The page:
• 1

Longest growing period in days: 220Longest growing period from month to month: November to June

3.4 SLM group to which the Technology belongs

  • improved ground/ vegetation cover
  • cross-slope measure

3.5 Spread of the Technology

Specify the spread of the Technology:
  • evenly spread over an area
If the Technology is evenly spread over an area, indicate approximate area covered:
  • 10-100 km2

The exact area is not known, but the technology is widely applied throughout the province of Murcia and the district of the upper Guadalentin.

3.6 SLM measures comprising the Technology

vegetative measures

vegetative measures

  • V1: Tree and shrub cover
  • V2: Grasses and perennial herbaceous plants
structural measures

structural measures

  • S1: Terraces

Main measures: vegetative measures, structural measures

Type of vegetative measures: aligned: -contour

3.7 Main types of land degradation addressed by the Technology

soil erosion by water

soil erosion by water

  • Wt: loss of topsoil/ surface erosion
  • Wg: gully erosion/ gullying
  • Wo: offsite degradation effects
water degradation

water degradation

  • Ha: aridification

Main type of degradation addressed: Wt: loss of topsoil / surface erosion, Wg: gully erosion / gullying, Wo: offsite degradation effects

Secondary types of degradation addressed: Ha: aridification

Main causes of degradation: crop management (annual, perennial, tree/shrub) (Almond and cereal fields often have a relatively low surface cover by vegetation during long periods of the year, leaving the soil unprotected against raindrop impact and rill or gully formation), disturbance of water cycle (infiltration / runoff) (Reduced infiltration capacity causing runoff and soil erosion), other human induced causes (specify) (Cropping of relatively steep slopes sensitive to erosion because of slope gradient), governance / institutional (spatial planning of land use results in formation of too large fields without field boundaries)

Secondary causes of degradation: Heavy / extreme rainfall (intensity/amounts) (High intensity erosive rainfall is common), droughts (Dry periods and dry years require higher water availability)

3.8 Prevention, reduction, or restoration of land degradation

Specify the goal of the Technology with regard to land degradation:
  • prevent land degradation
  • reduce land degradation

Main goals: prevention of land degradation, mitigation / reduction of land degradation

4. Technical specifications, implementation activities, inputs, and costs

4.1 Technical drawing of the Technology


Joris de Vente

4.2 Technical specifications/ explanations of technical drawing

Quickbird satellite image showing the concentration of terraces along natural drainage lines (thalwegs) where runoff concentrates. Drainage lines are indicated with dotted lines.

Location: Torrealvillla. Murcia

Date: Satellite image 2003

Technical knowledge required for field staff / advisors: moderate (Design of the terraces and selection of the location requires some technical knowledge.)

Technical knowledge required for land users: low (Practical implementation of the terraces does not require a high level of knowledge)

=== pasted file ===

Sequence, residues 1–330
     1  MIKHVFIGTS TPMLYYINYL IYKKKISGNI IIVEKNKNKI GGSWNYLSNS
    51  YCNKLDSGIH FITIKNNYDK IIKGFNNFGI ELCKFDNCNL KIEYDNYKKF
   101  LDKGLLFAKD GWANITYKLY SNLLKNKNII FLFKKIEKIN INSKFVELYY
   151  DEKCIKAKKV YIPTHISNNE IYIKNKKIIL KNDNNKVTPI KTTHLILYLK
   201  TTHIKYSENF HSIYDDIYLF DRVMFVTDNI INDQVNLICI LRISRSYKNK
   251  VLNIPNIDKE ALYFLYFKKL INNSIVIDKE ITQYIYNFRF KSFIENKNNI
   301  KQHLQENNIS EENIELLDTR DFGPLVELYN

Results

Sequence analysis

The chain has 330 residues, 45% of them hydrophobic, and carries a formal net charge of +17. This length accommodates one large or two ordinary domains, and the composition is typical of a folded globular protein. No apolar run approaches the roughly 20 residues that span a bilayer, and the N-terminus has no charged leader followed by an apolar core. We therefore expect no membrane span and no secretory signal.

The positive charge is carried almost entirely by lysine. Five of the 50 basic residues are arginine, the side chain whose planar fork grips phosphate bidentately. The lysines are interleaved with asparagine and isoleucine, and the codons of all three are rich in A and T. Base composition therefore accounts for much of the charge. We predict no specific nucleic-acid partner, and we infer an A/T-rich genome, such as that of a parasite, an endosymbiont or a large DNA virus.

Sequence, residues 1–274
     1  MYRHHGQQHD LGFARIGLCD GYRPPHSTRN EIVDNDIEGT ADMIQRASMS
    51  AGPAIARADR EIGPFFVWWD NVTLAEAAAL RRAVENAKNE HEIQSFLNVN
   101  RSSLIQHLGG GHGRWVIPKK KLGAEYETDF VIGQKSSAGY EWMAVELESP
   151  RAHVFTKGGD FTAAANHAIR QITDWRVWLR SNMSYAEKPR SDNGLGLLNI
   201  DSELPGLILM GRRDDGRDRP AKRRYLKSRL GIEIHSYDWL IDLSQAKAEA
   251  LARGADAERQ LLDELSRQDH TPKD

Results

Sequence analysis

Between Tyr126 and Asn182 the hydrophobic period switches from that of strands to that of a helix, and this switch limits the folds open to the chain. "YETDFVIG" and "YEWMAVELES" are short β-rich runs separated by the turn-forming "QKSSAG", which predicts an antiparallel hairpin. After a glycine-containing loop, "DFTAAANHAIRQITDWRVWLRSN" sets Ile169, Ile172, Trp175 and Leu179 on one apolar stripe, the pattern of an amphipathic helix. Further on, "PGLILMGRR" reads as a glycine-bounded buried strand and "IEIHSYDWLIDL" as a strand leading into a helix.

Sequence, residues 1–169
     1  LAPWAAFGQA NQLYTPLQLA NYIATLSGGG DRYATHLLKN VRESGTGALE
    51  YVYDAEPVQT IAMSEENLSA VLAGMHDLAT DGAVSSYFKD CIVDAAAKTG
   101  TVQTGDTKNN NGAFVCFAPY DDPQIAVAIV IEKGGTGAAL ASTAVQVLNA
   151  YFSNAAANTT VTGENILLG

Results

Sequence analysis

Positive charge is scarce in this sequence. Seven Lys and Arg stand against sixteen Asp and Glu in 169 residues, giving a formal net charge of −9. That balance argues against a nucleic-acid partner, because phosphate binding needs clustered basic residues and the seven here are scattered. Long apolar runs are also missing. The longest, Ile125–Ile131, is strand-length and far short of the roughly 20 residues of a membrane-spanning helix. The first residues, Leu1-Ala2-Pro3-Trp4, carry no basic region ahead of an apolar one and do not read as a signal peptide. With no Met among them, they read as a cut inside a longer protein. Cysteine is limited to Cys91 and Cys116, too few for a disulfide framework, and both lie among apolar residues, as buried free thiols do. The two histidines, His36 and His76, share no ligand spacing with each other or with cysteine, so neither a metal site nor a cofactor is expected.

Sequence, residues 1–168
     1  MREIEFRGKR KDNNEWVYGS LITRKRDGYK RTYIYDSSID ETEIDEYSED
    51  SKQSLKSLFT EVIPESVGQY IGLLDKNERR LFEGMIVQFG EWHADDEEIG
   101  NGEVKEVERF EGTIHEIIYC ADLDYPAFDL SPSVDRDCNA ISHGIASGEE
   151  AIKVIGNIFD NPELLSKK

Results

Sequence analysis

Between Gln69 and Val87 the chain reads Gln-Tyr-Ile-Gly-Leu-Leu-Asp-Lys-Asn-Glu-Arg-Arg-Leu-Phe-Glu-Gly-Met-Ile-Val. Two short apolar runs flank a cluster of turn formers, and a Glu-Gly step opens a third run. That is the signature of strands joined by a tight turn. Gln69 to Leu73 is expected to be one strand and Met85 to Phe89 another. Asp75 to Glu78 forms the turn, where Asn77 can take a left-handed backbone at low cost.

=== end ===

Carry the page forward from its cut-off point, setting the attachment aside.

Main technical functions: control of dispersed runoff: retain / trap, control of dispersed runoff: impede / retard, control of concentrated runoff: retain / trap, control of concentrated runoff: impede / retard, reduction of slope angle, increase of infiltration, increase / maintain water stored in soil

Secondary technical functions: reduction of slope length, improvement of ground cover, stabilisation of soil (eg by tree roots against land slides), increase in organic matter, water harvesting / increase water supply, sediment retention / trapping, sediment harvesting, spatial arrangement and diversification of land use

Aligned: -contour
Vegetative material: F : fruit trees / shrubs
Number of plants per (ha): 42
Vertical interval between rows / strips / blocks (m): 1
Spacing between rows / strips / blocks (m): 30-100
Vertical interval within rows / strips / blocks (m): 0.5-7
Width within rows / strips / blocks (m): 2

Vegetative measure: alligned: contour
Vegetative material: G : grass
Number of plants per (ha): >30% cover
Vertical interval between rows / strips / blocks (m): 1
Spacing between rows / strips / blocks (m): 30-100
Vertical interval within rows / strips / blocks (m): 0.5
Width within rows / strips / blocks (m): 2

Vegetative measure: Vegetative material: G : grass

Vegetative measure: Vegetative material: G : grass

Vegetative measure: Vegetative material: G : grass

Fruit trees / shrubs species: natural regeneration of shrubs with possible additional plantation of almond trees and/or woody shru

Grass species: Natural regeneration assisted by seeding of legiminous species and cereals

Slope (which determines the spacing indicated above): 10.00%

Terrace: forward sloping
Vertical interval between structures (m): 1
Spacing between structures (m): 30-100
Height of bunds/banks/others (m): 0.5-1.5
Width of bunds/banks/others (m): 2
Length of bunds/banks/others (m): 50-200

Construction material (stone): Only when many stones are present in the fields

Slope (which determines the spacing indicated above): 5-15%

If the original slope has changed as a result of the Technology, the slope today is: <3%

Lateral gradient along the structure: 0%

Vegetation is used for stabilisation of structures.

4.3 General information regarding the calculation of inputs and costs

other/ national currency (specify):


Indicate exchange rate from USD to local currency (if relevant): 1 USD =:


Indicate average wage cost of hired labour per day:


4.4 Establishment activities

Activity Type of measure Timing
1. Plantation of shrubs and cereals or Leguminous species (optional) Vegetative Autumn - winter
2. Construction of terraces Structural autumn or winter

4.5 Costs and inputs needed for establishment

Specify input Unit Quantity Costs per Unit Total costs per input % of costs borne by land users
Labour Labour ha 1.0 270.0 270.0 10.0